Have a Conversation by Breaking Bread (but not cutting the cheese)

What the engineer hadn’t done was speak with his gassy cube mate about the issue and, instead, expected others to address the situation. Granted, speaking with his teammate was probably at the bottom of his list but imagine the time he could have saved by having this talk instead. We all know of employees who will avoid having a tough conversation at any cost. It happens at every level of an organization from the CEO on down.

In the matter of the Fart Chart (FC), the HR partner sat down with the FC creator and explained that he needed to speak with his peer first. She suggested various ways he could broach the subject and explain how he was being impacted. She also spent time talking through the types of reactions that may come from the person: acknowledgement, denial, embarrassment, anger, etc. and ways in which he could respond. Finally, the HR partner notified the manager of the situation, shared methods that could be used to assist with it, and what to do if matters escalated.

In the end, the engineer was very nervous about approaching his peer so the manager facilitated a discussion between the two of them. The gas man was extremely embarrassed and had been unaware he was having such an impact on his coworker. He committed to try and figure out what was causing the raging inferno in his digestive tract. As an interim step, he said he would leave the cube for more open environments whenever he felt the urge.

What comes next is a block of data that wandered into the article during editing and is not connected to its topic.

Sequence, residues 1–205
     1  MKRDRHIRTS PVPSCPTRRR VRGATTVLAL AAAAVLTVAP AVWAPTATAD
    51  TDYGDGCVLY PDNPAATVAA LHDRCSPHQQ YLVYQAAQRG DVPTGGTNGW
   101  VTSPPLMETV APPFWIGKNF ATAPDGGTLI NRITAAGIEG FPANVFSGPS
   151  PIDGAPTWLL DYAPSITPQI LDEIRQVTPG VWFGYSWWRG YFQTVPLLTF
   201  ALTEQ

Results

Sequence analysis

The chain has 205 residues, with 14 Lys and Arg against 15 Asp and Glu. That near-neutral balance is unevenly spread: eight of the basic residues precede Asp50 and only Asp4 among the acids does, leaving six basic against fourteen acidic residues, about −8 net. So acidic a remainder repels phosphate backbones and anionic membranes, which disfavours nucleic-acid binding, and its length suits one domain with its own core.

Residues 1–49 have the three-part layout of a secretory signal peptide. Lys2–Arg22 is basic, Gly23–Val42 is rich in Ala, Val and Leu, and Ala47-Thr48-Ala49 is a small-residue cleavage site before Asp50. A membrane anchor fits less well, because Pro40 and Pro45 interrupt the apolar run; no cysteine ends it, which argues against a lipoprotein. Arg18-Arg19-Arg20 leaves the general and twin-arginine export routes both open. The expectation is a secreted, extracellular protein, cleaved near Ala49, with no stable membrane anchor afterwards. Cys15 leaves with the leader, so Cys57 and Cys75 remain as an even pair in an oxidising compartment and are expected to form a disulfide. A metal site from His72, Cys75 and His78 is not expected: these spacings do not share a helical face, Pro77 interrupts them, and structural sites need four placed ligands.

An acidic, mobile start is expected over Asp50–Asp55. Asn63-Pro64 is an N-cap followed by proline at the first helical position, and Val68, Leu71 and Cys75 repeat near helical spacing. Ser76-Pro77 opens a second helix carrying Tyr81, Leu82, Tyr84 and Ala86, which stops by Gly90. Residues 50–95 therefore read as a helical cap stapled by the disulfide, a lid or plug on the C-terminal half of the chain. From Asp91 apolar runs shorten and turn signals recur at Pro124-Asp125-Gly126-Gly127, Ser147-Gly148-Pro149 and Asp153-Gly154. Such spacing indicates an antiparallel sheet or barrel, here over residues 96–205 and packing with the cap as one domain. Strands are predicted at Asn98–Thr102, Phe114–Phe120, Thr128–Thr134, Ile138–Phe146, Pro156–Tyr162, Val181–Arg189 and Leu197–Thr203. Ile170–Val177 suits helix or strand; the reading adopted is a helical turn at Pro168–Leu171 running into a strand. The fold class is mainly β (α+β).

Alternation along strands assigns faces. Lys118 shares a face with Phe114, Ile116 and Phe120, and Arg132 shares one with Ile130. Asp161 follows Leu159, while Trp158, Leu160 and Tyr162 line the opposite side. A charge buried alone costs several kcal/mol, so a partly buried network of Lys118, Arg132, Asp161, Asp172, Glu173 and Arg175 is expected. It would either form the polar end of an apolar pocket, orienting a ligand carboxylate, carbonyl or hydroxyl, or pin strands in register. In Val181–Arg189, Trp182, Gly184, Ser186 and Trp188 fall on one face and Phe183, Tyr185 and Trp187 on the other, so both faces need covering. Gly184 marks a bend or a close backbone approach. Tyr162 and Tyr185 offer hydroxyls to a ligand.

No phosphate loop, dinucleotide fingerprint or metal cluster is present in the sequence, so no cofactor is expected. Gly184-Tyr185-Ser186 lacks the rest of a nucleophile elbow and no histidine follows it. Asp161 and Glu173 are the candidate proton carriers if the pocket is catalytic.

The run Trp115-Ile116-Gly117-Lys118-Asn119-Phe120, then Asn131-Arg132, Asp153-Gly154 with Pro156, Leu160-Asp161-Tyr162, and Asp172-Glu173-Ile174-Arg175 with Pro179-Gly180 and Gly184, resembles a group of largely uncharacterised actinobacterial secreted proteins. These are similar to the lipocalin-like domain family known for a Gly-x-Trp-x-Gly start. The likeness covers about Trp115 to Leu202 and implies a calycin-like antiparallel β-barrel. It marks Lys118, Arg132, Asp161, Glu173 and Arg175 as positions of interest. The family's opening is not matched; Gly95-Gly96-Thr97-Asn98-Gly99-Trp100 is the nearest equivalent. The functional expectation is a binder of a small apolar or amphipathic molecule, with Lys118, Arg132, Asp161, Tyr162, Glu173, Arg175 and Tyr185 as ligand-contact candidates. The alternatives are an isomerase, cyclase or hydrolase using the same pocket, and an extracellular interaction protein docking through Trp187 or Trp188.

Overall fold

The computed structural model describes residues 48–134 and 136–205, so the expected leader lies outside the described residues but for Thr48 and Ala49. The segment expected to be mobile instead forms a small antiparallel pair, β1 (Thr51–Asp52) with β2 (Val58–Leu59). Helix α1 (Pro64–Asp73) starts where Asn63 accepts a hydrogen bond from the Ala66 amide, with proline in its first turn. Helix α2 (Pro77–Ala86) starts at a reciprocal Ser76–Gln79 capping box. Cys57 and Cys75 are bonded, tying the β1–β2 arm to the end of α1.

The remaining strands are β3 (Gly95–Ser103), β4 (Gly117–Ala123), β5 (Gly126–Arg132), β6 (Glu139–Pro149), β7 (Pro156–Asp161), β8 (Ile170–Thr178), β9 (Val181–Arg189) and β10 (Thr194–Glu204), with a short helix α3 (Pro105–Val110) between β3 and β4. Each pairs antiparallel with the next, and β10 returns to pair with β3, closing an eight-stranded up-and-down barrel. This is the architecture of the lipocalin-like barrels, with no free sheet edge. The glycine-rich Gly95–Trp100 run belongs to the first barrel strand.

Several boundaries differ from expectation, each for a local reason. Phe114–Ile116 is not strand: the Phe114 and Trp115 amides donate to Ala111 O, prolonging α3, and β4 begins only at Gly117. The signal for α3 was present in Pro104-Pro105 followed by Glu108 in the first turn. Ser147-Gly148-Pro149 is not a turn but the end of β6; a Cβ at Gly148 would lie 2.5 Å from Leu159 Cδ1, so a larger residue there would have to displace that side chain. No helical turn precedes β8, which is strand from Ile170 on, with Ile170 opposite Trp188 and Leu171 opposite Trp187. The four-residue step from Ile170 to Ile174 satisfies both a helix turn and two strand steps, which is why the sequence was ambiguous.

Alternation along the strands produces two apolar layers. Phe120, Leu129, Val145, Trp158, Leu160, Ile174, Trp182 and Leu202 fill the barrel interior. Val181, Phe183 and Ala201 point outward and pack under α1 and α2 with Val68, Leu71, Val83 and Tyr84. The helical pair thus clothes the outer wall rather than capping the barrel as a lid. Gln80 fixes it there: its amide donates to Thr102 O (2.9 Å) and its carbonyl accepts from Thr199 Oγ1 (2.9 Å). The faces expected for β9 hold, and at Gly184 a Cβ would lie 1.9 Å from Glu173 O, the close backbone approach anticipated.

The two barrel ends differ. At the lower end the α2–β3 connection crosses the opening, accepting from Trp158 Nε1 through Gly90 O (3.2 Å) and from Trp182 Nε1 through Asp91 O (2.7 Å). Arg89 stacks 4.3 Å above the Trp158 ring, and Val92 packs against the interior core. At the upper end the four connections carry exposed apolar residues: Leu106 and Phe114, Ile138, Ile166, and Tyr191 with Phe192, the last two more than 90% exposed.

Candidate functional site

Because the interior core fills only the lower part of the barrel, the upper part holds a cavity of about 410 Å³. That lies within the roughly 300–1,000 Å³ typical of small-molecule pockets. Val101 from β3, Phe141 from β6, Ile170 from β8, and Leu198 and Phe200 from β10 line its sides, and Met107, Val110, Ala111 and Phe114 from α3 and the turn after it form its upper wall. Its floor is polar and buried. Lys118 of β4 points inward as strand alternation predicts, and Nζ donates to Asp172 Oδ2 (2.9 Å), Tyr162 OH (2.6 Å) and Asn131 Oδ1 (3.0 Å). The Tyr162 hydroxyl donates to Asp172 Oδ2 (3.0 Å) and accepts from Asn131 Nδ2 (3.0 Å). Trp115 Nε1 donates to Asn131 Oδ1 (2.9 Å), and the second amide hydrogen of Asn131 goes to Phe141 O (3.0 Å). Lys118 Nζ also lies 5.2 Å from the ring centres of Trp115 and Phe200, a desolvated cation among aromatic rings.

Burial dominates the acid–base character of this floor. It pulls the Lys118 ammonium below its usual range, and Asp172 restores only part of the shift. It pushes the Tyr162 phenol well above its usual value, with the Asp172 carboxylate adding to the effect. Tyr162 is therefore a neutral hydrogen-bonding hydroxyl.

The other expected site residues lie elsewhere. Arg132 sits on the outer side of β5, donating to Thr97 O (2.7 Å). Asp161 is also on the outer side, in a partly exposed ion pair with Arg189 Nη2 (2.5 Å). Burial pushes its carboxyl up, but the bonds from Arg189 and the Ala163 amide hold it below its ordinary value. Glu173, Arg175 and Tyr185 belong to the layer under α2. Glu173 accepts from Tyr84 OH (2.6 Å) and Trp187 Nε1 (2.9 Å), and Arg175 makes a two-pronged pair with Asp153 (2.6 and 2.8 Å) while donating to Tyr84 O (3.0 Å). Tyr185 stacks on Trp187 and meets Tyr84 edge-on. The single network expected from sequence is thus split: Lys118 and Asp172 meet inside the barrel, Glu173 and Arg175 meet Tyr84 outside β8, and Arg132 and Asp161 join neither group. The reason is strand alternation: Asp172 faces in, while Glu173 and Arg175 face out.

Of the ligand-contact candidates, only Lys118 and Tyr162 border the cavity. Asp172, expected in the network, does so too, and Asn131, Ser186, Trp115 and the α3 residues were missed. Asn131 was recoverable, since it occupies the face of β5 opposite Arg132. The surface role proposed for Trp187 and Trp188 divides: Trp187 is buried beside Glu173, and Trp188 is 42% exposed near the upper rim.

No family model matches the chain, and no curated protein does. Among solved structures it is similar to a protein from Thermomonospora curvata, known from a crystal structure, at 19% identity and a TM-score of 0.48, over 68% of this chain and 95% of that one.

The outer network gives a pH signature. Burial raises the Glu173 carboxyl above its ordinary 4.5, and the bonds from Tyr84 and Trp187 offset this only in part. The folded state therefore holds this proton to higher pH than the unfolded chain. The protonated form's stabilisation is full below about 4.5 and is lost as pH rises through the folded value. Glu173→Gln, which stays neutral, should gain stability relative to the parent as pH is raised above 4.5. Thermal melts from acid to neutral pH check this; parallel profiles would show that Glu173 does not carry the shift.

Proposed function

Breaking Wind Down Some Potential Actions

Perhaps the question to ask is how HR can help create a culture where the outcome would be different if a similar instance occurred. This would include cultivating an environment of mutual respect where concerns are addressed in an open and constructive manner. Where feedback and transparency are valued and employees have the skills to have even the toughest of conversations.

It’s not easy to achieve and may require training for managers and employees to learn how to have difficult conversations (there’s a reason Crucial Conversations® is an extremely popular book and training after all this time).

An emphasis on core values can also help. Some organizations include ones like Teamwork/Collaboration, Honesty, and Respect and have an expectation that all employees will demonstrate them on a daily basis. Zappos has a core value of “Build Open and Honest Relationships with Communication” and that seems to get to the heart of what we’re talking about here.

Leaders could also be coached on how to build trusting relationships with their teams – to be visible and engaged so employees share their concerns. In essence, they should be living the core values every day.

End Up Smelling Like a Rose

It’s all about approaching the matter with sensitivity and respect. The worse thing that could have happened with the offending employee was him becoming the butt of jokes within his team.

By taking appropriate actions we can avoid having our employees tell us that our culture and work environment stinks.